Uffa Fox International 14 

We want to bring back fleet racing for Classic Wooden International 14's.  This is a unique opportunity for a sailing club to become the new home for a fleet of Classic Wooden International 14's. It is a chance to recreate the spectacle of sailing of yesteryear using the most famous and the first one design planing dinghy. 

We have a number of Classic Uffa Fox  International 14's available for sale and we are looking for members of a sailing club or individuals to get involved in buying and housing this fleet and organising regular competitions to aim to win a new trophy which we would like to introduce as a Memorial Trophy to Uffa Fox.  

If you would like to own you own International 14 then we can offer a couple of different options

1. We have two very rare pre-war International 14's available for purchase that are need of restoration go to 

the restoration page here.

or

2. We have taken the measurements and design to take commissions to build a brand new Vintage International 14, based on an Uffa Fox pre-war design built in traditional materials for us in classic sailing regattas/ Please contact me for details here.

Uffa Fox was a boat designer, boat builder and yachtsman sans pareil.  In the 1930's he designed the International 14 having built on lessons of earlier designers. But he added a new touch of genius in the design, rather than continue with the displacement dinghy he went for a radical design for a sail boat at the time to include V sections forward and flatter sections further back. His other maxim was to make the boats as light as possible. He famously said weight is useful in a steam roller but useless in a sailing boat. What resulted were fast boats, that would get up easily on a plane and sail relatively upright. Avenger one of his earliest designs went on to win 52 firsts, 2 second places, and 3 thirds out of 57 starts. He had changed the rules of racing dinghy design overnight, opened up a sport to a greater number of participants and gave birth to the principles of modern dinghy design. The International 14's that came out of Uffa's own yard on the Isle of Wight went through continuous development year on year, as he competed and won many Prince of Wales Trophies. Some years, he practically sailed the new design off the slipway to the start line.

These boats today are getting increasingly rare. They are also very engaging to see the craftsmanship that went into each vessel. Often over 1000 hours were needed to originally complete the boat and they are delight to behold with their deep patina finished in lovely mahogany shades.  The Uffa Fox boats in particular are built to very high standards and represent unique record of Britains sailing heritage.  However, they are thoroughbreds that want to take to water again and race. Thankfully many of the originals have been preserved in a national private collection as well as by individual owners. It is a great privilege to offer these racing heroes to a new generation of owners. We would like to work with the new owners to establish a racing fleet of International 14's once again that could then compete in an annual Uffa Fox Memorial Cup. Therefore, these boats coming up for auction may be of interest for a sailing club or individuals to own and enter in the new trophy regatta.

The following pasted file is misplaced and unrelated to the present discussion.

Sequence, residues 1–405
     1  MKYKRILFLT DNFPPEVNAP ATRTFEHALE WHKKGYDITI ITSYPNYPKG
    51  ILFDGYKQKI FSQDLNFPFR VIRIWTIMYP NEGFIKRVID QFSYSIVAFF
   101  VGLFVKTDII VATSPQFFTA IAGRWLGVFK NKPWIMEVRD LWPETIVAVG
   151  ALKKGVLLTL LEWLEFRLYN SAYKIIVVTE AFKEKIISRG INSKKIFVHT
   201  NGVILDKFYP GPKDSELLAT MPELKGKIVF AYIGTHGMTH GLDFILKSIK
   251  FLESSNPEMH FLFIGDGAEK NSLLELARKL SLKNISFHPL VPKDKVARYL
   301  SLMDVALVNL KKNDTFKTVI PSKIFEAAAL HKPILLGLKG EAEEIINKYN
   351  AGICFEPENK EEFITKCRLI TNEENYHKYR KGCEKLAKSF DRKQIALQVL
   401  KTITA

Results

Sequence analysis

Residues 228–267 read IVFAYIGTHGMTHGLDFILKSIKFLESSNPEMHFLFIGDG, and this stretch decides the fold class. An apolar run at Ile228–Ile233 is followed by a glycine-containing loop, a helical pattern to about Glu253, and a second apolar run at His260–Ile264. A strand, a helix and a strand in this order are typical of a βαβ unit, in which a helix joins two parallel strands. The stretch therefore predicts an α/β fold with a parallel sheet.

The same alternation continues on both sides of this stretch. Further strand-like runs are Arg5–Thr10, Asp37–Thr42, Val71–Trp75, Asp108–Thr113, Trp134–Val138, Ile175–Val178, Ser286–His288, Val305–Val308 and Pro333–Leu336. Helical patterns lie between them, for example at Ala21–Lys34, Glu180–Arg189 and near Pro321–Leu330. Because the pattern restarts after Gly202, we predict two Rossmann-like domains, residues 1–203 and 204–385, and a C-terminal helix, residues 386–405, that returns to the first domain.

The boat shown above and immediately below is the 1937, K380 called Lancing.

Stewart Morris, OBE, (25 May 1909 – 24 February 1991) was a British sailor, born in BromleyKent. He competed at the 1948 Summer Olympics in London and won a gold medal in the Swallow class with David Bond.  Stewart raced his Olympic boat, Swift, in later years at Itchenor Sailing Club in Chichester Harbour.  However, the real passion of Stewart's life, from his undergraduate days onwards, was the International 14 dinghy. His record of success in the class is unrivalled and he was 12 times winner of the Prince of Wales (PoW) Cup: 1932 Torbay in R.I.P. K267; 1933 Lowestoft in R.I.P. K267; 1935 Cowes in Alarm K347; 1936 Clyde in Alarm K347; 1947 Hunstanton in Martlet K507; 1948 Cowes in Martlet K507; 1949 Torbay in Martlet K507; 1957 Hunstanton in Bolero K667; 1960 Falmouth in Bolero K667; 1961 Whitstable in Gossip K767; 1962 Weymouth in Gossip K767; and 1965 Scarborough in Encore K847.

Stewart was Rear Commodore of the Royal Yacht Squadron and Vice Chairman of the Royal Yachting Association for many years.

He served as Commander in the RNVR during the Second World War.

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